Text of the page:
with sulfuric acid to be an amorphous solid, while niobic acid treated with phosphoric acid presented a crystalline phase,
probably due to the formation of hydrogen niobium phosphate. Among the characterization methods employed here, XPS was particularly
instrumental in showing that niobium dihydrogen phosphate and niobium hydrogen sulfate moieties are the acidic active sites
responsible for the catalytic effect. The latter is more active according to ammonia TPD studies. Yields as high as 78% in
the esterification of oleic acid with methanol and 40% in the transesterification of soybean oil catalyzed by NbSO4 were recorded.
Authors:F. Cavani, G. Centi, F. Trifirò, and G. Poli
The contribution of thermal methods of analysis to the study of the structure and reactivity of vanadium-phosphorus oxides is examined. In particular, data are reported on the solid-state reaction VOHPO4·1/2H2O→(VO)2P2O7+2 H2O for VOHPO4·1/2H2O prepared in different ways, on the redox properties of oxidation and reduction of vanadium for catalysts prepared with different P∶V atomic ratios in the range 0.9–1.3, and on the surface properties determined by TPD of catalysts with different P∶V ratios. The relationship between these properties and the catalytic properties in the selective oxidation ofn-butane and but-1-ene is discussed.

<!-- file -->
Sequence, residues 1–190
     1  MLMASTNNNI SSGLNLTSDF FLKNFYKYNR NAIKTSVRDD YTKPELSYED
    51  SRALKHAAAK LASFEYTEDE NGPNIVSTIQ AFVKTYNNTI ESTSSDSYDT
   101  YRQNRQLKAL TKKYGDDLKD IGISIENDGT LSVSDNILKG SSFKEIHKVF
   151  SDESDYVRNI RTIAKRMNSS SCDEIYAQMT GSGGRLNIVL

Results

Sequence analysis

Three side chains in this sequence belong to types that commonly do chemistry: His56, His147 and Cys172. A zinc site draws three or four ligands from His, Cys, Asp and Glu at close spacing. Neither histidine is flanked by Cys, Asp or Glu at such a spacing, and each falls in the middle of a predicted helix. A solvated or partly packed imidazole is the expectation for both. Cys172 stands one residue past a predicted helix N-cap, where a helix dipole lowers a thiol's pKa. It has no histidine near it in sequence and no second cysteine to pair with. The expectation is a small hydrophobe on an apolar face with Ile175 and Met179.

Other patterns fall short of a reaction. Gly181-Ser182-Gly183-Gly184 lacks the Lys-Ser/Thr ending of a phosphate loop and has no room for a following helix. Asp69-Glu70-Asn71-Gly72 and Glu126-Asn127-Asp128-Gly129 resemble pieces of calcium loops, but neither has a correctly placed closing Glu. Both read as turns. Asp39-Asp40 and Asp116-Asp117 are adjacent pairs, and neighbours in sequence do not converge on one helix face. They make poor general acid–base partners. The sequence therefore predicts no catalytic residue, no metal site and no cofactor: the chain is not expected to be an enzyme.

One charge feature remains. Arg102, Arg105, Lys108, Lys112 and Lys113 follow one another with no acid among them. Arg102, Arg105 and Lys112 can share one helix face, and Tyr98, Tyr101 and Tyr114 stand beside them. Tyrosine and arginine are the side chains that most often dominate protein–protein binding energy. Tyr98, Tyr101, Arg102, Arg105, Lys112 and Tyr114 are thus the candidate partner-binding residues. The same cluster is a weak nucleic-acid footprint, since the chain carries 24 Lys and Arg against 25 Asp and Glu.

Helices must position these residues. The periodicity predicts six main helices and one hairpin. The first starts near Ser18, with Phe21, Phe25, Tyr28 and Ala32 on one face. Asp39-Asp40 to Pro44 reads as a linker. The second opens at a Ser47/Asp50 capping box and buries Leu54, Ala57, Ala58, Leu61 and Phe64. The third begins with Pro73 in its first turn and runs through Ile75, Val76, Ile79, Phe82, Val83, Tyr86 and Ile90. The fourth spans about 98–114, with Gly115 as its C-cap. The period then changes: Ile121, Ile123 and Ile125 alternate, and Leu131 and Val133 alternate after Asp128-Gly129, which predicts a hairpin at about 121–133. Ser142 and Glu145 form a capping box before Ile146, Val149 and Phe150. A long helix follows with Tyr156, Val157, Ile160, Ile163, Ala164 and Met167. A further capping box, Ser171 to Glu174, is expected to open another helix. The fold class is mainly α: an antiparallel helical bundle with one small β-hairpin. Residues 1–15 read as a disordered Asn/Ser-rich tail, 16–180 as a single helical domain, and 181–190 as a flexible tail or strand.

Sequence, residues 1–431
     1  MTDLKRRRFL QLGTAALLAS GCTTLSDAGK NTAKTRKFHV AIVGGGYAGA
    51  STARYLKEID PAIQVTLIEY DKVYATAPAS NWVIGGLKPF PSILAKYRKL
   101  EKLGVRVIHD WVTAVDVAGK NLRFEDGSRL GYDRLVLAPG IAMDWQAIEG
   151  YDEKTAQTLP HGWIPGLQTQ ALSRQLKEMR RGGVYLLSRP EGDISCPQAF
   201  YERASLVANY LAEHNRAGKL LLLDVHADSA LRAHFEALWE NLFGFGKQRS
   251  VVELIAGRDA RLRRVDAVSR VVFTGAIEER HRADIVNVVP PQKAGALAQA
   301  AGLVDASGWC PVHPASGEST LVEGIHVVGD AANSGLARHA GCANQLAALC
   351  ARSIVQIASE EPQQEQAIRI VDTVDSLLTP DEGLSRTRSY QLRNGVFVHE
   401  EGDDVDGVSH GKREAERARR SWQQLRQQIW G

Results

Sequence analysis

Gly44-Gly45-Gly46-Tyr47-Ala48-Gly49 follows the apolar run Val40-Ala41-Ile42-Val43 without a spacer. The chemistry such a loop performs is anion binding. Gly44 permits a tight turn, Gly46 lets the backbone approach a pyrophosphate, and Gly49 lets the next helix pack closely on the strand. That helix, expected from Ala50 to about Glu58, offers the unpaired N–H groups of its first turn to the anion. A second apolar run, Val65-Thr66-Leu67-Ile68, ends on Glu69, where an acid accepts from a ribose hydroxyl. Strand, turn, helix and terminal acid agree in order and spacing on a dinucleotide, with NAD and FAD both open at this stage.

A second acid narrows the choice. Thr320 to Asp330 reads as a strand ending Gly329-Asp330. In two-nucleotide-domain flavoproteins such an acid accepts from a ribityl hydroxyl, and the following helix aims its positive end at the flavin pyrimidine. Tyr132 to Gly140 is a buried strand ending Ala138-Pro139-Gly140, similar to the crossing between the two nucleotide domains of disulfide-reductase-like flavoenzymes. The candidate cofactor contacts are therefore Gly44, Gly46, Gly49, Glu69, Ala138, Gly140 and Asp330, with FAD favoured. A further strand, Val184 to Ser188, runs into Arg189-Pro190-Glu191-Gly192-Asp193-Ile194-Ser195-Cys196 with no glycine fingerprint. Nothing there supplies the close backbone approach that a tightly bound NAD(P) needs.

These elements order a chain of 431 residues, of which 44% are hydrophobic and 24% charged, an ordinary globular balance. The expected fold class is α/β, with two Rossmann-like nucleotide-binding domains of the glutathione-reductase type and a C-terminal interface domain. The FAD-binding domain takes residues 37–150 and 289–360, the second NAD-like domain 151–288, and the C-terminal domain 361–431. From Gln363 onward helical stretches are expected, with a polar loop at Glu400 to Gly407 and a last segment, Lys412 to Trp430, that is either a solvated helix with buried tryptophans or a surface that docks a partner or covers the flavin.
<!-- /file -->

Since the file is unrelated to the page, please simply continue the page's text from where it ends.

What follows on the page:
Authors:S. Aukkaravittayapun, C. Thanachayanont, T. Theapsiri, W. Veerasai, Y. Sawada, T. Kondo, S. Tokiwa, and T. Nishide
Fluorine-doped tin dioxide
(FTO) films were deposited on silicon wafers by inverted pyrosol technique
using solutions with different doping concentration (F/Sn=0.00, 0.12, 0.75
and 2.50). The physical and electrical properties of the deposited films were
analyzed by SEM, XRF, resistivity measurement by four-point-probe method and
Hall coefficient measurement by van der Pauw method. The electrical properties
showed that the FTO film deposited using the solution with F/Sn=0.75 gave
a lowest resistivity of 3.210–4 ohm
cm. The FTO films were analyzed by temperature programmed desorption (TPD).
Evolved gases from the heated specimens were detected using a quadruple mass
analyzer for mass fragments m/z, 1(H+),
16(O+), 17(OH+ or NH3+),
18(H2O+ or NH4+),
19(F+), 20(HF+), 28(CO+